This movement disorder is similar to PLMD, but only occurs before sleep onset oftentimes causing insomnia. It may be an indescribable feeling, but it has also been characterized by creeping, crawling, aching, twitching and the urge to constantly move one’s legs. Some patients who complain of restless legs syndrome, also complain of leg movements in sleep. Generally patients with restless legs have to massage/rub, march or walk the sensations off. These symptoms may also occur during the day and are sometimes described as ‘active legs.’ Treatment for RLS usually involves medication.
Restless legs syndrome (RLS) is a disorder that often occurs in otherwise healthy individuals. It is characterized by pain or discomfort in the lower limbs while at rest, usually just prior to sleep or during periods of wakefulness at night. People often describe the discomfort as an aching pain, or as a “tingling,” “creeping/crawling” or other bothersome sensation. RLS is more common in older people, but can occur in young adults as well.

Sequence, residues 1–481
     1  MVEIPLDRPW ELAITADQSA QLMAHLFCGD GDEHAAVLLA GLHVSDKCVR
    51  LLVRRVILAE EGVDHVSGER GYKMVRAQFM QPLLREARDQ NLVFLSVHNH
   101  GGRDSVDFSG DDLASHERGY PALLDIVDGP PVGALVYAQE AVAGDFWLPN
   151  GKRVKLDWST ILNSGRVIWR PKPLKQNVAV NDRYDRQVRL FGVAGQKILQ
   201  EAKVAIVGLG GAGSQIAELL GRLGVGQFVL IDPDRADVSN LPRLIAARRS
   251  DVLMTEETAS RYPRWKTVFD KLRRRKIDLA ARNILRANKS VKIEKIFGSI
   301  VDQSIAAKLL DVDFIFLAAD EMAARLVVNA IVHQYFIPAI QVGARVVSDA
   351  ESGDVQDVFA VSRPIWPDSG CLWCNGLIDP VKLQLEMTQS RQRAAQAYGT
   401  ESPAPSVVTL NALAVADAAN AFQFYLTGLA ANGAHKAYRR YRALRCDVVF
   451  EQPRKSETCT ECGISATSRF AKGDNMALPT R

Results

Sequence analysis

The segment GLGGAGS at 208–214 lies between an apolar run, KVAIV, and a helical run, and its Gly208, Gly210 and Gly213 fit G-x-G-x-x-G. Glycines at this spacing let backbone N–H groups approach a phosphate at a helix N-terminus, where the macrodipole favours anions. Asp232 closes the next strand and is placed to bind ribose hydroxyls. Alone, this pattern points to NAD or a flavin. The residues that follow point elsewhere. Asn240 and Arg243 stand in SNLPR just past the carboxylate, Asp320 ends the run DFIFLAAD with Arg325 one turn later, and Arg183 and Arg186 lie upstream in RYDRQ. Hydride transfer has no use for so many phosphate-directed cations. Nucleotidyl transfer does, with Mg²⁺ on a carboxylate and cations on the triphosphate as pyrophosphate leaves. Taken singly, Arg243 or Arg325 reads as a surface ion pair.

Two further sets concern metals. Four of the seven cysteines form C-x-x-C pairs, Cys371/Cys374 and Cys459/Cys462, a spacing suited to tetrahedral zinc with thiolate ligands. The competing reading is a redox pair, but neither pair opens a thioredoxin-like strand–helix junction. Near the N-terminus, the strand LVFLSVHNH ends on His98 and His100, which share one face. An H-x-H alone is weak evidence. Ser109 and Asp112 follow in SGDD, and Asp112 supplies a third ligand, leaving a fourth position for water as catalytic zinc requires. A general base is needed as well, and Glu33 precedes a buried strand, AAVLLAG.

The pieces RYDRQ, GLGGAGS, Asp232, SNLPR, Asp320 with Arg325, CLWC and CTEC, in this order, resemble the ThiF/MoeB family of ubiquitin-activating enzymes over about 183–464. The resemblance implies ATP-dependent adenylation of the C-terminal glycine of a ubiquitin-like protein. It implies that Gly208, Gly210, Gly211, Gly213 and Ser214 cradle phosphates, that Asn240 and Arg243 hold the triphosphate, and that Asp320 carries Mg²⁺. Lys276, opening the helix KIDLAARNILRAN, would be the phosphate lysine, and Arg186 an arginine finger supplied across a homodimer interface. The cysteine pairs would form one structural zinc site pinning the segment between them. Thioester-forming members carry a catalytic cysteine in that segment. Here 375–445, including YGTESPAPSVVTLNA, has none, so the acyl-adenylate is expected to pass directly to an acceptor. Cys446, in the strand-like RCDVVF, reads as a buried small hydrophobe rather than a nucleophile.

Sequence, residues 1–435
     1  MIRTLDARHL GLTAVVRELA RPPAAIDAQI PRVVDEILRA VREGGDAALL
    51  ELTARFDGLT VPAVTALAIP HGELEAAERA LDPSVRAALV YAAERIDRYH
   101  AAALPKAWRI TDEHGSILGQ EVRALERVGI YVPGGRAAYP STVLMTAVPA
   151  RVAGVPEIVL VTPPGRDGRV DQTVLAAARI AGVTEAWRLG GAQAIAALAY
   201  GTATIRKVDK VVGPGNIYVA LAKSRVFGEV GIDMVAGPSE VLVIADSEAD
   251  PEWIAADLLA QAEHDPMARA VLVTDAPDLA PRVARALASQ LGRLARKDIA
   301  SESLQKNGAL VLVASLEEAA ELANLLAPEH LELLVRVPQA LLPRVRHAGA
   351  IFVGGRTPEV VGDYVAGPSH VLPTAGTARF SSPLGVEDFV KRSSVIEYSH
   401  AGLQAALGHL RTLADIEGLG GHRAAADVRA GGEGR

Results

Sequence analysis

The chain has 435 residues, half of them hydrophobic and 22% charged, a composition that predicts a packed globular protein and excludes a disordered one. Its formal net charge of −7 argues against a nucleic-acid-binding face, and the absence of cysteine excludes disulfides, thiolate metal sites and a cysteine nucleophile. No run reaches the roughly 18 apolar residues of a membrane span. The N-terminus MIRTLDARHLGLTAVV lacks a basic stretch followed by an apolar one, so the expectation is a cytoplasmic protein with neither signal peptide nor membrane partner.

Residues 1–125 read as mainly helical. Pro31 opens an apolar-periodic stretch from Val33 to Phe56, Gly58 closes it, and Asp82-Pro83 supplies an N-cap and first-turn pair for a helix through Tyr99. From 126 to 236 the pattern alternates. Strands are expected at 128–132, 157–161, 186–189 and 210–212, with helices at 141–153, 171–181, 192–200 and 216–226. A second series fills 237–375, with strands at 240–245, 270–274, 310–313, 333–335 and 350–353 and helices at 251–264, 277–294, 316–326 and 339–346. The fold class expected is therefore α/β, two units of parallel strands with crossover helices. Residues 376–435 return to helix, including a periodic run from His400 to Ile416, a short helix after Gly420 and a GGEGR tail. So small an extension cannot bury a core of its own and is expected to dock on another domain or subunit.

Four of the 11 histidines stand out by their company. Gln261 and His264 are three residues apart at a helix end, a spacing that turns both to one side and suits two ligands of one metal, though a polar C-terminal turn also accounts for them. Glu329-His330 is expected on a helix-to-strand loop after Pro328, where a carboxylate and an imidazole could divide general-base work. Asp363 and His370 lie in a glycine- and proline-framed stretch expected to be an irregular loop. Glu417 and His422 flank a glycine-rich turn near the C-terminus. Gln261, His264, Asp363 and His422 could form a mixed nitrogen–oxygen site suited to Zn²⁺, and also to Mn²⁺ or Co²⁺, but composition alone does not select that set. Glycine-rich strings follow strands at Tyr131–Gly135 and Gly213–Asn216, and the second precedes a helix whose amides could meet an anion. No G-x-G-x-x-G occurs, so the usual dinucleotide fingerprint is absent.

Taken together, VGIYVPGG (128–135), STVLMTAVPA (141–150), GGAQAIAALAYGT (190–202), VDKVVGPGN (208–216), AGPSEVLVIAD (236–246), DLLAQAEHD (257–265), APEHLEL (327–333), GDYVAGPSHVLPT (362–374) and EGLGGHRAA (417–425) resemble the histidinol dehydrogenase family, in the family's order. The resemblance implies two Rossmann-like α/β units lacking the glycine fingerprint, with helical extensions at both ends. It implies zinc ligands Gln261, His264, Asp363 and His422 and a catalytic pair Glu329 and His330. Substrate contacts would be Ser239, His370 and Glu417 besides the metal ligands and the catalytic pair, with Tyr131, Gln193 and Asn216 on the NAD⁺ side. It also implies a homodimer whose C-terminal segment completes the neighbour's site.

People who suffer from RLS often report difficulties falling asleep or staying asleep. These difficulties may range from mild to severe, but in many cases result in significant nighttime distress and daytime fatigue. Sufferers often report the problem of “insomnia” to their doctors; however, it is important to distinguish RLS from primary insomnia because the treatments are different. RLS does not improve with conventional treatments for “insomnia.”
One interesting fact about RLS is that symptoms usually occur when the sufferer is at rest, but are not present during periods of activity. Therefore, people with RLS often report that the discomfort in their limbs goes away if they get out of bed and walk about. Even non-physical activity can seemingly reduce the symptoms of RLS!
Treatment of RLS can begin at home. Many people find relief from massage, applied heat, or hot baths before bedtime. A number of medications also have been found to be effective and safe in the treatment of RLS. These medications act on the neurotransmitter substance “dopamine,” such as pramipexole (Mirapex®) or ropinirole (Requip®).